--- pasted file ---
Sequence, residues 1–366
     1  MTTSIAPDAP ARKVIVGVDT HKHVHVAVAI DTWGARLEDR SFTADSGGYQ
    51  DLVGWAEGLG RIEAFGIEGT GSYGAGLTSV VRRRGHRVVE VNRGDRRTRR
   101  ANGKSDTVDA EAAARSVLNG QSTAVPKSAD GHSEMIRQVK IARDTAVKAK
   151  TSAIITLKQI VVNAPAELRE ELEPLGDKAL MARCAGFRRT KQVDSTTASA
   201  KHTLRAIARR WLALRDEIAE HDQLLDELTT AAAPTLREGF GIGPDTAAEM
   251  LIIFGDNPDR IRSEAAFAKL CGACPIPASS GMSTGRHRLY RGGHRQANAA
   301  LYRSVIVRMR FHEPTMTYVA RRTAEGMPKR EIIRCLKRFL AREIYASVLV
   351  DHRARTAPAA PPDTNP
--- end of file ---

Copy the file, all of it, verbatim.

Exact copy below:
Sequence, residues 1–366
     1  MTTSIAPDAP ARKVIVGVDT HKHVHVAVAI DTWGARLEDR SFTADSGGYQ
    51  DLVGWAEGLG RIEAFGIEGT GSYGAGLTSV VRRRGHRVVE VNRGDRRTRR
   101  ANGKSDTVDA EAAARSVLNG QSTAVPKSAD GHSEMIRQVK IARDTAVKAK
   151  TSAIITLKQI VVNAPAELRE ELEPLGDKAL MARCAGFRRT KQVDSTTASA
   201  KHTLRAIARR WLALRDEIAE HDQLLDELTT AAAPTLREGF GIGPDTAAEM
   251  LIIFGDNPDR IRSEAAFAKL CGACPIPASS GMSTGRHRLY RGGHRQANAA
   301  LYRSVIVRMR FHEPTMTYVA RRTAEGMPKR EIIRCLKRFL AREIYASVLV
   351  DHRARTAPAA PPDTNP